The first reason assigned by counsel for a directed verdict, viz., that the action should have been brought in the name of John Gavigan instead of in the name of the guardian, raises a question that should have been presented on motion to dismiss before plea. See Newton v. Railway, 163 Mich. 373. However, the declaration fully set forth that the injuries were those of John Gavigan and shows that the cause of action was his. It may therefore be amended without in any manner altering the issue. In the matter of amendments our statute is very liberal.

"Under its provisions it is the duty of the appellate court, as well as of the trial court, to make such amendments as justice requires, having due regard for the rights of parties." Fervette v. Railroad Co., 175 Mich. 653, 675.

We will therefore treat the amendment as made here to meet defendant's objection.

A further reason assigned for a directed verdict was that there was no evidence of the defendant's negligence. The plaintiff's evidence tends to show that after the truck hit Gavigan it traveled a distance of 160 feet, mostly up grade, before the driver was able to bring it to a stop. The driver says that he stopped it within 27 feet, and that he was driving about 12 miles an hour. This testimony made a question for the jury as to the speed of the truck, and whether the driver had it under control. It is undisputed that the brakes did not work, that the horn was not sounded, and that no attempt was made to avoid the accident by turning to the left. As to the efficiency of the lights, the testimony was in conflict. There was ample evidence of defendant's negligence and the court did not err in submitting it to the jury.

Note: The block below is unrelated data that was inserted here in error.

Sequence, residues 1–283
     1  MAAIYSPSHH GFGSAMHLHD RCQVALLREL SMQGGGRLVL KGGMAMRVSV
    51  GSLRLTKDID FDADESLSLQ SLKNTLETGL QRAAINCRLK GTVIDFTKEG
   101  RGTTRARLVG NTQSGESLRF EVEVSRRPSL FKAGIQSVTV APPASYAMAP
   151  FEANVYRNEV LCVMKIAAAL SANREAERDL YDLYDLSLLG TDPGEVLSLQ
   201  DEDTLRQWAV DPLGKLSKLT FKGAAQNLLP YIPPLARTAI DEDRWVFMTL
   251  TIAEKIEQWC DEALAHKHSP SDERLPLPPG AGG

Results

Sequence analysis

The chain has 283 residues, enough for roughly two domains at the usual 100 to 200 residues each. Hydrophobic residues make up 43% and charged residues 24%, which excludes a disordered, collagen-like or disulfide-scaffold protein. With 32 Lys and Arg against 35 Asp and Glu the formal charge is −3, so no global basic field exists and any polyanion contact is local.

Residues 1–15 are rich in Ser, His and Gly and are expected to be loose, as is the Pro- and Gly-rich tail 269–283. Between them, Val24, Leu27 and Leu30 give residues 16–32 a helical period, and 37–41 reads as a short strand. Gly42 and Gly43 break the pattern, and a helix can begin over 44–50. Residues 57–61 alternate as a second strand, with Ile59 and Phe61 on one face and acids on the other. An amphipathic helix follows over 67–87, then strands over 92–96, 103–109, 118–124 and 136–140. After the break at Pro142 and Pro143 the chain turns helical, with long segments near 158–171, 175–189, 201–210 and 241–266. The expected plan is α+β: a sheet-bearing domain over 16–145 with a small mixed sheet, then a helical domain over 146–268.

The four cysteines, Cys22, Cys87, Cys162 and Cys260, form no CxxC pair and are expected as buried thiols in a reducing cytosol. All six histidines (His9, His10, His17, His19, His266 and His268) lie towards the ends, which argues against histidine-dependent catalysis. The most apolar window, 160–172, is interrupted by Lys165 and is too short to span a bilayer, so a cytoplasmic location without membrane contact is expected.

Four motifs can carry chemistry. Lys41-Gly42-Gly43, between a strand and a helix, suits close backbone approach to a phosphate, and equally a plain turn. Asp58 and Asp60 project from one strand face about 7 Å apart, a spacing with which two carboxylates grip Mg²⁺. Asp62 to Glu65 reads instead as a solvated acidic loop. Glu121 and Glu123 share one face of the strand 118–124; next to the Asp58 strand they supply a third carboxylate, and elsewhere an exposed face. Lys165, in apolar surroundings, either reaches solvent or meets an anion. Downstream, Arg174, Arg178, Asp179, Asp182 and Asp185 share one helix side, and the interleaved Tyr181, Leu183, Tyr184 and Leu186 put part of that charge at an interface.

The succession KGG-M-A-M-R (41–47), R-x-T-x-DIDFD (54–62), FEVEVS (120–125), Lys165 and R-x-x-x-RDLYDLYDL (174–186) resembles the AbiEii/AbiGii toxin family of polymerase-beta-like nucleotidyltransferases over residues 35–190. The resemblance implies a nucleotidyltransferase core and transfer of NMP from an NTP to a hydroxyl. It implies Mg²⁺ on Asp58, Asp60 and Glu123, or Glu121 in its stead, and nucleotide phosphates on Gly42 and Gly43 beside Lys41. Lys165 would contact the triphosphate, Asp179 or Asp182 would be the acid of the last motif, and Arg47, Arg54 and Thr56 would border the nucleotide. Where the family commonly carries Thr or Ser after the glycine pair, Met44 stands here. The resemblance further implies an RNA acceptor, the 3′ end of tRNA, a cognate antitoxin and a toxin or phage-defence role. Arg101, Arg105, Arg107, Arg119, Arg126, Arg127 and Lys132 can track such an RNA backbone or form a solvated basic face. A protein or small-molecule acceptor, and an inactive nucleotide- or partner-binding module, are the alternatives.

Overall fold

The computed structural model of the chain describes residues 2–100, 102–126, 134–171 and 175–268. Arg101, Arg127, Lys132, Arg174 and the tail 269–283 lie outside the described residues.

Complaint is made that the court erred in neglecting to instruct the jury that in respect to damages for future pain and suffering the amount allowed should be limited to the present worth. As to the necessity for such an instruction see Denman v. Johnston, 85 Mich. 387. However, as this error goes only to the amount of the verdict and as the evidence of future pain and suffering was very slight, we think the rights of the defendant will be fairly protected by a reduction of $500 from the verdict rendered.

It is insisted by the defendant that the verdict should be set aside because it is excessive. This question was urged on a motion for a new trial, but the court refused to disturb the verdict for that reason. There is nothing in the record to indicate that the verdict was not the result of a fair consideration of the evidence. The testimony shows that the plaintiff was seriously, painfully and permanently injured; that prior to the accident he was physically strong and able-bodied, that he is now permanently crippled, that he will never be able to walk upright again, and that he is unable to control his urinary organs. The evidence is that he was 40 years of age at the time of the accident, and his attending physician testifies, "that as he gets older the injury is going to be more of a handicap to him about walking or doing anything." In view of the evidence, we think the verdict was not excessive. The judgment will be affirmed if the plaintiff within ten days shall file a consent that it be reduced to $5,999.50; otherwise it will be reversed and a new trial granted. Neither party will have costs.


Summaries of

Sweeney v. Moreland Brothers Co.

Supreme Court of Michigan
Jun 2, 1924
198 N.W. 932 (Mich. 1924)
Case details for

Sweeney v. Moreland Brothers Co.

Case Details


Court:Supreme Court of Michigan

Date published: Jun 2, 1924


198 N.W. 932 (Mich. 1924)
198 N.W. 932